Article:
October 2019

Ubuntu 18.04 Slow

On two new Ubuntu 18.04 installations, internet access was extremely slow on the first access of a website. I eventually tracked it down to IPv6 DNS, for instance:
dig slashdot.org A
would respond immediately, but
dig slashdot.org AAAA
would hang for a while then return
;; connection timed out; no servers could be reached
I checked the name servers returned by my ISP that my router was using and they worked fine. It was only when using the default DNS returned by my router’s DHCP that it hung. The reason for this was that IPv6 was disabled at the router, a NetGear R6700v2. To fix, log in to the router’s administration web page and go to Advanced -> Advanced Setup -> IPv6 and change Internet Connection Type from Disabled to DHCP.

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Install Ubuntu 18.04 on Thinkpad T560

Install synaptic:
sudo apt install synaptic

install pCloud from pcloud.com
Add synced directory pCloudDrive/sync -> ~/pcloud-sync

Download the KeePassX 0.4 .DEB from https://launchpad.net/ubuntu/xenial/amd64/keepassx/0.4.3+dfsg-0.1ubuntu1
sudo dpkg -i keepassx_0.4.3+dfsg-0.1ubuntu1_amd64.deb
sudo apt --fix-broken install
To prevent it from being upgraded to version 2, in Synaptic, select keepassx and, from the menu, select “Package” -> “Lock Version”. Also make sure Software Updater isn’t set to automatically install updates, as it does not respect the version lock.

Sign in to Firefox. If the menu is missing, hit F10 and select View -> Toolbars -> Menu Bar and Bookmarks Toolbar.

Use Synaptic to load these packages:
vim-gnome
gkrellm
kvpm (replaces system-config-lvm, which is not available for Ubuntu 18)
cifs-utils
gnucash
gimp
darktable
gnome-raw-thumbnailer (to view .CR2 file thumbnails, also view in Files with zoom of 150%)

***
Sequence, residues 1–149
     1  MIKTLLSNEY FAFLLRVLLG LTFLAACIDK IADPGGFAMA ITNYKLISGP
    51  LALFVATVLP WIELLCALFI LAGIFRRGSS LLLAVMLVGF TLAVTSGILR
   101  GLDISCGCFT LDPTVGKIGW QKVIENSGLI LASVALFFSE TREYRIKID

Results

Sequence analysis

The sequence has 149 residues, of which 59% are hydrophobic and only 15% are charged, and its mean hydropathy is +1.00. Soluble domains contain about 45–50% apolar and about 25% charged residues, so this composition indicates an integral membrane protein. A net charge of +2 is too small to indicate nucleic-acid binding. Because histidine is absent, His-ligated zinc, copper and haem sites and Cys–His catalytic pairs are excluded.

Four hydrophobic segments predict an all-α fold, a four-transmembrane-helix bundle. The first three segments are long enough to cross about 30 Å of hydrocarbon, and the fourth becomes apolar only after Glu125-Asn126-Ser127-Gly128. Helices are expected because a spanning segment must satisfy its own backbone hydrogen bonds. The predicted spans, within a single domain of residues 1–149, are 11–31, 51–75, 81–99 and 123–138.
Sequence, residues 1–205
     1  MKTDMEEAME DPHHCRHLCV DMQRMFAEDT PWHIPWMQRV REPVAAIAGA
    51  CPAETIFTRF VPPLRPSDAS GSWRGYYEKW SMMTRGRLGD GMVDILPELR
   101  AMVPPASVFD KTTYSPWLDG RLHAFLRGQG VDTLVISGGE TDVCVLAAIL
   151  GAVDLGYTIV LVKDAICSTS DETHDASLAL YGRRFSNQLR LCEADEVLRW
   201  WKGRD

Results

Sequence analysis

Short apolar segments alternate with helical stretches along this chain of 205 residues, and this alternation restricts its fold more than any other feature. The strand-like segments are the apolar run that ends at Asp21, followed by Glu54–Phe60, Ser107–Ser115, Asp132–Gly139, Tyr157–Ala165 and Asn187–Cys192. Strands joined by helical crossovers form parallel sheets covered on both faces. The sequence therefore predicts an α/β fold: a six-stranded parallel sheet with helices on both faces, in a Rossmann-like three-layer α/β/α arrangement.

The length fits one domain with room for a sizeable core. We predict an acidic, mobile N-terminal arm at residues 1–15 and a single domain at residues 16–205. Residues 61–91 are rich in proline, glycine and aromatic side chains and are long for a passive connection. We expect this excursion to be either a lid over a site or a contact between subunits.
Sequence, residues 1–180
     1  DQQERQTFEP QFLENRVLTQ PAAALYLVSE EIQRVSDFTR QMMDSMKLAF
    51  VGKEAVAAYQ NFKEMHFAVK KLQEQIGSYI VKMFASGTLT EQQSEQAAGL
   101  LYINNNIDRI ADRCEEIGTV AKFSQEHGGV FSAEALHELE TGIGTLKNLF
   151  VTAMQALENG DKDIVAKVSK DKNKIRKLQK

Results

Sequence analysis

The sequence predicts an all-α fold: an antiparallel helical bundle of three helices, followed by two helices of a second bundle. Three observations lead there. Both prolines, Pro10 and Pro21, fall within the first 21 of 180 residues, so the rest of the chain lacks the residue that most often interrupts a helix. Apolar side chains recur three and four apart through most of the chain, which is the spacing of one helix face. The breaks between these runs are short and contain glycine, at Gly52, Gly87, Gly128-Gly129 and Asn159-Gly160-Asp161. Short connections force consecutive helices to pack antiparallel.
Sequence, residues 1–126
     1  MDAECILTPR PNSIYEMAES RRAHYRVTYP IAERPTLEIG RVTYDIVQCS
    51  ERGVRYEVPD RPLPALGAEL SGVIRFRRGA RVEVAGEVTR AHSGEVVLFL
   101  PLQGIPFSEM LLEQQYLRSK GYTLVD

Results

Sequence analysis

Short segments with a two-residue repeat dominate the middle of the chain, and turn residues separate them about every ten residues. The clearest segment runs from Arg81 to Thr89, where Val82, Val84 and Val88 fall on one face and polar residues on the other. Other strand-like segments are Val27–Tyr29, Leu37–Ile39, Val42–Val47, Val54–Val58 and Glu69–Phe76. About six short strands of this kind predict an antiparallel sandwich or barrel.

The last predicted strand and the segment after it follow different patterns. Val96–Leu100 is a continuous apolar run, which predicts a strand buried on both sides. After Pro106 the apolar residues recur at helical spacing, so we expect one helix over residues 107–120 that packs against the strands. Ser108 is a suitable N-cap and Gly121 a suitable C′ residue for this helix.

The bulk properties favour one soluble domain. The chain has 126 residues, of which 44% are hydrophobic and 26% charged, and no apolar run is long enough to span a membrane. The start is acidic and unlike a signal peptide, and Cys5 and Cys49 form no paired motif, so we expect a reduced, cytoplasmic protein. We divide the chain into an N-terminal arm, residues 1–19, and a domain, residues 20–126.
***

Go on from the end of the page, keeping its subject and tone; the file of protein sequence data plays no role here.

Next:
git

Copy the /etc/group entry for ds411p2 from another machine that already has it.

Add an entry for the NAS to /etc/hosts, of the form:
192.168.123.123 ds411p2

Install NAS credentials
From another NAS-connected machine, copy the NAS authorization file:
/etc/ds411p2pwd. Set permissions to u=rw,go=. Repeat for ~/.ds411p2pwd.

Set up NAS mounts
As root, edit /etc/fstab and add these lines, substituting your username for {me}:

//ds411p2/video /mnt/ds411p2-public-video cifs vers=1.0,rw,suid,gid=ds411p2,credentials=/etc/ds411p2pwd 0 0
//ds411p2/music /mnt/ds411p2-public-music cifs vers=1.0,rw,suid,gid=ds411p2,credentials=/etc/ds411p2pwd 0 0
//ds411p2/photo /mnt/ds411p2-public-photo cifs vers=1.0,rw,suid,gid=ds411p2,credentials=/etc/ds411p2pwd 0 0

//ds411p2/home /home/{me}/ds411p2 cifs vers=1.0,user,uid={me},gid={me},rw,suid,credentials=/home/{me}/.ds411p2pwd 0 0
//ds411p2/video /home/{me}/ds411p2-public-video cifs vers=1.0,user,uid={me},gid={me},rw,suid,credentials=/home/{me}/.ds411p2pwd 0 0

Note the option vers=1.0 is newly required for Ubuntu 18.04 and the DS411+II NAS.
As root, create the above directories in /mnt. You can (as root) mount them now.

Add support for the fingerprint reader:
sudo apt install libpam-fprintd
Register your fingerprint (run as user, not root):
fprintd-enroll
Set sudo to use fingerprint scanner:
sudo pam-auth-update

Install Dot Files

Install xsane

Set up HP LaserJet MFP M477fdn with hp-setup

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Local network DNS on Linux

From within a local network, you have to use hostname.local rather than hostname for name resolution to work.

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